Without any prior exposure to the cohomology of groups, one might naively proceed by replacing a group by a sort of resolution.

For instance, let's take $G = \mathbb{Z}^2$, and "resolve":

$$ 0 \to \mathbb{Z} \overset{1 \mapsto xyx^{-1}y^{-1}}\longrightarrow \mathrm{F}_2 \to \mathbb{Z}^2 \to 0. $$
This mirrors exactly the topology of the torus $\mathrm{T} = \mathbf{B} \mathbb{Z}^2$, as obtained by attaching two loops, and then a disc along the commutator.

The same works for $G = \mathbb{Z}^3$, as there is a relation between the relations, given by the Jacobi–Witt–Hall identity (this is not strictly true, as I need to allow some twisting to conjugate the relations to get a relation between the relations). The cohomology of the three torus, and its cell structure, is mirrored by a sequence looking somewhat like

$$ 0 \to \mathbb{Z} \to \mathrm{F}_3 \to \mathrm{F}_3 \to 0. $$

A different example would be to take $G = \mathbb{Z}/2\mathbb{Z}$: $$ 0 \to \mathbb{Z} \overset{\times 2}{\longrightarrow} \mathbb{Z} \to \mathbb{Z}/2\mathbb{Z} \to 0.$$ This is not so good... following this on the nose would get us to construct $\mathbb{RP}^2$ instead of $\mathbf{B} \mathbb{Z}/2\mathbb{Z} = \mathbb{RP}^\infty$. The problem is that the relation $x^2 = 1$ is not imposed once, but infinitely many times, once for each pair $(x^{2n}=1, x^{2n+1}=1)$. To account for this, one has to extend the sequence by another map $ \mathbb{Z} \overset{\times 2}{\longrightarrow} \mathbb{Z}$, and a similar argument gives us that we should in fact be looking at

$$ \cdots \overset{\times 2}{\longrightarrow} \mathbb{Z} \overset{\times 2}{\longrightarrow} \mathbb{Z} \overset{\times 2}{\longrightarrow} \cdots \overset{\times 2}{\longrightarrow} \mathbb{Z} \overset{\times 2}{\longrightarrow} \mathbb{Z} \to \mathbb{Z}/2\mathbb{Z} \to 0.$$ This of course mirrors the cell structure of $\mathbf{B} \mathbb{Z}/2\mathbb{Z} = \mathbb{RP}^\infty$.

With this in mind, suppose we now try to define group cohomology while staying in the category of groups (rather than using $\mathbb{Z}[G]$-modules for instance). We have a bar construction

$$ \cdots F^3 G \underset{\underset{\longrightarrow}{\longleftarrow}}{\overset{\overset{\longrightarrow}{\longleftarrow}}{\longrightarrow}} F^2 G \underset{\longrightarrow}{\overset{\longrightarrow}{\longleftarrow}} F G \longrightarrow G \to 0,$$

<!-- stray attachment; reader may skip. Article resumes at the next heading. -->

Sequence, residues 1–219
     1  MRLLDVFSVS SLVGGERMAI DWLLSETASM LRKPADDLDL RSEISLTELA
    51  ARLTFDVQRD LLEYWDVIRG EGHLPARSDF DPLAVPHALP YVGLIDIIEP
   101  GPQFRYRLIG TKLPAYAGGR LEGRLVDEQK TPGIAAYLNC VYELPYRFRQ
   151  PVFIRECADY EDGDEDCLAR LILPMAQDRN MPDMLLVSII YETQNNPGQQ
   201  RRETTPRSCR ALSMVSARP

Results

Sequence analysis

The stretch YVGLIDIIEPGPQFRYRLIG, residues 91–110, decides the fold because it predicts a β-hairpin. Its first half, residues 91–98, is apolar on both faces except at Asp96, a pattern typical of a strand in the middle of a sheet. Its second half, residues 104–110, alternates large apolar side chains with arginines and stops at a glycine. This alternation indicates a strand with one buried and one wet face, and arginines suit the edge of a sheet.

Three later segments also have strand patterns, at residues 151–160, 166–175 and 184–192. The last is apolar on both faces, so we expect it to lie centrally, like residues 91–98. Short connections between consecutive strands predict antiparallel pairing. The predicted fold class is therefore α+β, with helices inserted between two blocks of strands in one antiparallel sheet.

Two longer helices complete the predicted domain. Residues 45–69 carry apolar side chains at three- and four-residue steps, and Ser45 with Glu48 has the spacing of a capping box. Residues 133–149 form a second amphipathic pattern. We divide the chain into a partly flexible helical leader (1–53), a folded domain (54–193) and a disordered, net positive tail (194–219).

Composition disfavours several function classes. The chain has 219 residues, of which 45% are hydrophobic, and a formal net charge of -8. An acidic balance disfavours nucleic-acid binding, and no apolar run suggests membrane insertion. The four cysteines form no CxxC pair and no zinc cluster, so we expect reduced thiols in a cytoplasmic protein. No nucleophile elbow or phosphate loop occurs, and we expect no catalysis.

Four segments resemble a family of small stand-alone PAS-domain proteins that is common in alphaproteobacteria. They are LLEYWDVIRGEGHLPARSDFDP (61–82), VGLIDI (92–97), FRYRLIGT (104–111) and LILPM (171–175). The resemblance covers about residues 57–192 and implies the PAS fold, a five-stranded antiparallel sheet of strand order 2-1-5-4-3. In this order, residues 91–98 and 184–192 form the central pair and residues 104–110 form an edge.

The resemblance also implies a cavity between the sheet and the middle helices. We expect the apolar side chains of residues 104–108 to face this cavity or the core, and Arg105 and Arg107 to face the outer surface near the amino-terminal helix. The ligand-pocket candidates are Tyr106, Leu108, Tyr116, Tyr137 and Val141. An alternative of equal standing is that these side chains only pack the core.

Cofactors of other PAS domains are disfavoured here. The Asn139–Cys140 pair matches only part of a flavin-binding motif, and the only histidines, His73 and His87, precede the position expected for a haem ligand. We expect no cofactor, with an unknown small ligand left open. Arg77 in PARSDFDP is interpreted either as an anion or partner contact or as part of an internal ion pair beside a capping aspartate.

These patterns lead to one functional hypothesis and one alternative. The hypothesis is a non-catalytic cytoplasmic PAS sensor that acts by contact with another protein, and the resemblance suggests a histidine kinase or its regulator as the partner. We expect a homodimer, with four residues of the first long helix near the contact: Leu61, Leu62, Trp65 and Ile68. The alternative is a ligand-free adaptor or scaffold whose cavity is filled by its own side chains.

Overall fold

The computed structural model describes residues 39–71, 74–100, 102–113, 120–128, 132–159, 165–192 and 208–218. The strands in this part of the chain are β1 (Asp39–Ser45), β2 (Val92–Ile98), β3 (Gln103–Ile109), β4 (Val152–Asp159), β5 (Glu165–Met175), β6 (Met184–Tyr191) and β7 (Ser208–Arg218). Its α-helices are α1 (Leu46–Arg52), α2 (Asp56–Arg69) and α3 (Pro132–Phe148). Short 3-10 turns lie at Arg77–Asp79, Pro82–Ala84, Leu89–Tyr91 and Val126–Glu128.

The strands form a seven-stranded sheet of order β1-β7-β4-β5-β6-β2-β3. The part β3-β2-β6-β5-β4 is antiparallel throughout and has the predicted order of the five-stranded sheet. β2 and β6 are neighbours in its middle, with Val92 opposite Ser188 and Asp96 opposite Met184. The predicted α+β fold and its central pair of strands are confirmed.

where $F$ is the functor (comonad) sending a group to the free group on the underlying set. This corresponds to looking at all possible elements of $G$ as generators, then imposing every equation $g_1 \ldots g_j = k$ as a relation, etc. Mimicking the previous, we only remember the outer evaluation maps and get a sequence

$$ \cdots \to F^3 G \to F^2 G \to FG \to G \to 0. $$

In the case of $G = \mathbb{Z}/2\mathbb{Z}$, after cleaning up by removing extraneous terms corresponding to the identity (for instance replacing $FG = \langle e_0, e_1 \rangle$ by $\langle e_1 \rangle$), we get precisely the sequence $$ \cdots \overset{\times 2}{\longrightarrow} \mathbb{Z} \overset{\times 2}{\longrightarrow} \mathbb{Z} \overset{\times 2}{\longrightarrow} \cdots \overset{\times 2}{\longrightarrow} \mathbb{Z} \overset{\times 2}{\longrightarrow} \mathbb{Z} \to \mathbb{Z}/2\mathbb{Z} \to 0.$$

**Question:** Is the sequence

$$ \cdots \to F^3 G \to F^2 G \to FG \to 0 $$
always the "correct" replacement for $G$? Can it be used to compute the group cohomology of $G$?

*Note:* This object needs to be twisted somewhat, to account that one might not have literal relations between relations, but have them once we allow to conjugate relations by elements of the group (and so on, higher up). So it's not literally correct as is, but hopefully someone who understands crossed complexes can fix this.

(On the whole, perhaps it would be wiser to apply a functor valued in some abelian category to the simplicial group obtained by the bar construction, and then use Dold–Kan to turn the entire thing into a genuine chain complex... but the sequence above for $\mathbb{RP}^\infty$ really does feel like the correct object to consider, which is why I'm insisting on working with groups alone.)

More generally, I would like to understand why we have run into the problems we have (e.g. those with $ G = \mathbb{Z}/2\mathbb{Z}$), whereas doing the analogous thing for the comonad associated to the adjunction between $\mathbb{Z}[G]$-modules and abelian groups does compute the group cohomology with no hiccups.

I understand the need to distinguish between groups and $\infty$-groups (where imposing the same relation multiple times is different from imposing it once), but somehow that problem seems to have vanished when considering $\mathbb{Z}[G]$-modules...?